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The Last Man Standing

11/9/03

Today we begin the 3 week countdown till the fulfillment of all things. 3-2-1 we come to the end of the Church Year. This Third-Last Sunday in the Church Year has the refrain, “He who stands firm to the end will be saved,” ringing through it. It's the antiphon of the Introit. It's the last sentence of the Gospel. This Sunday has the feel of a bare knuckle boxing championship where only the last man standing wins. The Introit and our text seem to be asking, “Will it be you?” As the question, “Will you be one of those standing in the end and so be saved or not” claws as your mind, let me give you a hint where this text goes. As the Epistle says, it seeks to remove what can be shaken so that what can't be shaken may remain.

Aren't you shaking? You ought to be if you're actually hearing what this text says. It's a preaching of the Law that only goes from bad to worse. It's a panoramic picture of what the prophet Amos depicted in 1 verse. He said the end of the world would be “as when a man flees from a lion, and a bear meets him, then he goes home, leans his hand against the wall, and a snake bites him.” That's what's happening in this text. We run from one terror into another. When we think we've finally reached safety, we put a hand on a wall to steady ourselves, and our hand lands on a snake that bites us.

Don't feel that way yet? That's because you're like the disciples who are so upbeat and bubbly over the massive, magnificent temple. “Look, look, look,” they say like excited schoolboys. And what does Jesus do? He does as He often does. He nukes their joy, “Do you see all these great buildings? Not one stone here will be left on another; every one will be thrown down.” Friend, the same is true for whatever manmade structure, system, building, or thing that you're so amazed at, fond of, proud of. The things of men that you can't help but feel safe in, happy in, content in are going to be thrown down, crushed, decimated as this world unravels in these last days.

But it gets worse. As the things of men unravel and collapse, people will turn to religion. Think of 9/11. All of a sudden, you could talk of God again. You could talk of prayer again. The country's leaders could stand on the steps of the Capital and sing, “God bless America” even though for decades these same leaders had been chasing God out of the classroom, the courtroom and the public square. Suddenly God was in. God is always in when the thing of men go “boom.”

“Well that at least is something positive as we slip, slide away through these end times.” Not so fast. “Many,” warns Jesus, “will come in My name, claiming, ‘I am He,” and will deceive many.” Friend, not all that people grab hold of in the name of God is God. Not everything people grab on to in the name of Jesus is Jesus.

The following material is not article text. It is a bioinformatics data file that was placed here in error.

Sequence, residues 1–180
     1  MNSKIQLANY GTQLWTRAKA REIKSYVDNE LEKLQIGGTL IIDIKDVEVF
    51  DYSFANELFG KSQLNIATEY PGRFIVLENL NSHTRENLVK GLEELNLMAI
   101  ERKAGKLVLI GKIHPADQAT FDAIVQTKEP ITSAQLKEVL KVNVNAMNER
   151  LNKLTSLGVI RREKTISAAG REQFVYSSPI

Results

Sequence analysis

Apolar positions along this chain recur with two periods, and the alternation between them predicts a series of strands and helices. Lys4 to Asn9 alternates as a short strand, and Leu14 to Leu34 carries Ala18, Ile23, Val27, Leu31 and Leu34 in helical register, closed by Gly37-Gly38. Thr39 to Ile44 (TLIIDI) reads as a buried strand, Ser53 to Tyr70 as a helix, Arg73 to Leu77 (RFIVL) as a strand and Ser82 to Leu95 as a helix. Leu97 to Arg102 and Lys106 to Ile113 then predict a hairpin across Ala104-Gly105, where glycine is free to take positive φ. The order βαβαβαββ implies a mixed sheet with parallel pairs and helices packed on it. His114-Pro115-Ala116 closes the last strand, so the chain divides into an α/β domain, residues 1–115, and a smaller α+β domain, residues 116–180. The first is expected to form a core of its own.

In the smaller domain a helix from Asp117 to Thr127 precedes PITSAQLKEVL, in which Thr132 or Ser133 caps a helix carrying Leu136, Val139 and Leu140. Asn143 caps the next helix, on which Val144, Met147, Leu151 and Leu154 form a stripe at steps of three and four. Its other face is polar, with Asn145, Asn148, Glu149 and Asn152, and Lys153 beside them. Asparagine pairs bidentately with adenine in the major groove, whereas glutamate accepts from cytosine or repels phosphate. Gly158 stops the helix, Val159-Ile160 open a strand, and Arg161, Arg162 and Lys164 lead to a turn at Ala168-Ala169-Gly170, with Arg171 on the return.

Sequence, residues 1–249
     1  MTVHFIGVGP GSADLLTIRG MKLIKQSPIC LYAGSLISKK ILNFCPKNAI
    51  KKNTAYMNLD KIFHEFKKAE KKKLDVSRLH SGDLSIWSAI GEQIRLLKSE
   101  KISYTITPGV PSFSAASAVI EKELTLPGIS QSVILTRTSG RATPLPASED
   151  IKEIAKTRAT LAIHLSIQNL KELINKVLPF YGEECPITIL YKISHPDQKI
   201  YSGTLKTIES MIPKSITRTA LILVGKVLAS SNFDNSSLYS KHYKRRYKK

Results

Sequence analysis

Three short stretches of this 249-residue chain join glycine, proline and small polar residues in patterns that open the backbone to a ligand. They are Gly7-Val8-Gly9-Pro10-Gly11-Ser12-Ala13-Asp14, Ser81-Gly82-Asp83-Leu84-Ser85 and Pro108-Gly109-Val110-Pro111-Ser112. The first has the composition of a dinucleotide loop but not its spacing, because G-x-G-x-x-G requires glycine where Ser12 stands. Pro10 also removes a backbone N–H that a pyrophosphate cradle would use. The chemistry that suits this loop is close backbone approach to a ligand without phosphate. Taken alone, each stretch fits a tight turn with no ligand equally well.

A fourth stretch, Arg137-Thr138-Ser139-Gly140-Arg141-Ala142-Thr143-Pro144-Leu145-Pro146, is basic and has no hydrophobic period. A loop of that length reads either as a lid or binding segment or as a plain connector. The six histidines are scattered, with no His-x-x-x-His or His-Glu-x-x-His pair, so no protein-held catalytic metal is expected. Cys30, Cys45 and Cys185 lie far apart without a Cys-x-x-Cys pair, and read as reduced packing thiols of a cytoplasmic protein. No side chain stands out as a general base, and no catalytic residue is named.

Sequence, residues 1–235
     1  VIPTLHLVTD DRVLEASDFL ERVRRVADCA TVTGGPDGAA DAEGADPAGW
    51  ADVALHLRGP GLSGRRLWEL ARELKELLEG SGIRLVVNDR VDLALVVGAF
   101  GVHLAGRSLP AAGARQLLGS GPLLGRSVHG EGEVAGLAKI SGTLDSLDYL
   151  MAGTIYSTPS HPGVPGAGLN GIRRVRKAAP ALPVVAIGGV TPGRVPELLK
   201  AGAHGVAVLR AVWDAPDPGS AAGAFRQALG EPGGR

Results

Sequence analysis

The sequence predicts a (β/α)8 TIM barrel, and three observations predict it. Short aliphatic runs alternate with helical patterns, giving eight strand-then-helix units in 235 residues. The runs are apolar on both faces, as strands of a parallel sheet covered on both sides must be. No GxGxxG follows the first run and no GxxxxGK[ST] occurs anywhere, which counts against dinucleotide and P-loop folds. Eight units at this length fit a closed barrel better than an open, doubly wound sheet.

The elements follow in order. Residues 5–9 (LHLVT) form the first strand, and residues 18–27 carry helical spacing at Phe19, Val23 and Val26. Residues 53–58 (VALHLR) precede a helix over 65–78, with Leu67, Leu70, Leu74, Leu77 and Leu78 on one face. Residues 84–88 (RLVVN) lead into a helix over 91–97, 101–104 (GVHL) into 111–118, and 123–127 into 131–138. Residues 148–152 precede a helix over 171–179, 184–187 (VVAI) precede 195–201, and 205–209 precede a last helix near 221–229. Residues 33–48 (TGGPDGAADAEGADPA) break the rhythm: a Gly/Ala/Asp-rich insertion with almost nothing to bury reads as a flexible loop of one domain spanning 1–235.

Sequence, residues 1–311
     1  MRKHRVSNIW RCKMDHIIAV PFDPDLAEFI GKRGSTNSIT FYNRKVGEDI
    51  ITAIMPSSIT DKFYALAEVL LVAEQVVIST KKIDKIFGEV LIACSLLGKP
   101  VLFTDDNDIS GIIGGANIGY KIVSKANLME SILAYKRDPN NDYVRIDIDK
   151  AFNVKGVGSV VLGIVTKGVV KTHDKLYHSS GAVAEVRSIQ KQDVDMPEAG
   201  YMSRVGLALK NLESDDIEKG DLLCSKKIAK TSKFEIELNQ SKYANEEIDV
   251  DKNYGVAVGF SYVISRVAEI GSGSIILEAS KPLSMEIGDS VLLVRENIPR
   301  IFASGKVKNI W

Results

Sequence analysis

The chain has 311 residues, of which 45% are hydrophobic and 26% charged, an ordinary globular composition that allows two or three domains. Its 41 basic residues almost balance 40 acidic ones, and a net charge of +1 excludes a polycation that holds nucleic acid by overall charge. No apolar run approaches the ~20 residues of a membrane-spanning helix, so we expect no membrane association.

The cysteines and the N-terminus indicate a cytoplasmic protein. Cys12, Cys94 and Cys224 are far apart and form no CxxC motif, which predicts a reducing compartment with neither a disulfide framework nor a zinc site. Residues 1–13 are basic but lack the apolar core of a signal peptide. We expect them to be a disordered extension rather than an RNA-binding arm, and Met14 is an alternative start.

This falling away began even before the last apostle died. Many false Christ's went out into the world St. John tells us. Many more would come in the name of Jesus but wouldn't stay with the Words of Jesus. Arius came saying he believed in God but Jesus wasn't God. Montanus came saying he had direct revelations from the Holy Spirit. No sooner had the Church steadied herself from these gale force winds of false teaching, then others began to blow. Jesus was God, but not a God who forgives sins and welcomes sinners but a harsh and cruel judge. The cross wasn't the atoning sacrifice for the sins of the world, but God needed to be appeased by sacrifices, by trying hard, by doing your best.

No sooner had God raised up Luther to address these errors, then others arose. The Anabaptist came saying that Baptism did nothing but believing did it all, so only believers were to be baptized. Zwingli arose saying Jesus didn't come to earth with His Body and Blood in Communion, but faith had to rise to heaven to meet Him.

All the errors of all time are the same. There is another Jesus other than the one revealed in Scripture. Even as we speak people are being pointed to a Jesus who doesn't baptize babies, a Jesus who doesn't really give His Body for Bread and His Blood for wine, a Jesus who supports not only gay marriages but gay bishops, a Jesus who though He said He was the only Way to the Father nevertheless believes there are many other ways.

And you think you can stand in the face of all this? You think you're going to remain faithful when all around you are falling? And I haven't even gotten to the political, the natural and the personal upheavals that are coming. I haven't even gotten to the wars and rumors of wars; the nations rising against nations; the earthquakes and famines. I haven't even gotten to the part where brothers betray brothers to death, fathers their children, and children their parents.

And you think you can stand in the face of all that the Law preaches here to you? I think you had better think again. The last person standing won't be any of us, and it's high time for you to admit this, confess it. Just wildfires in California make me tremble. The obstinate unbelief of basic Christian doctrines in the visible Church pushes me to despair. For crying out loud, just the personal ups and downs, challenges and problems facing my own family are too much for me to stand up under sometimes, and do you think I'll be standing as the whole cotton' picking world crumbles around me? Think again.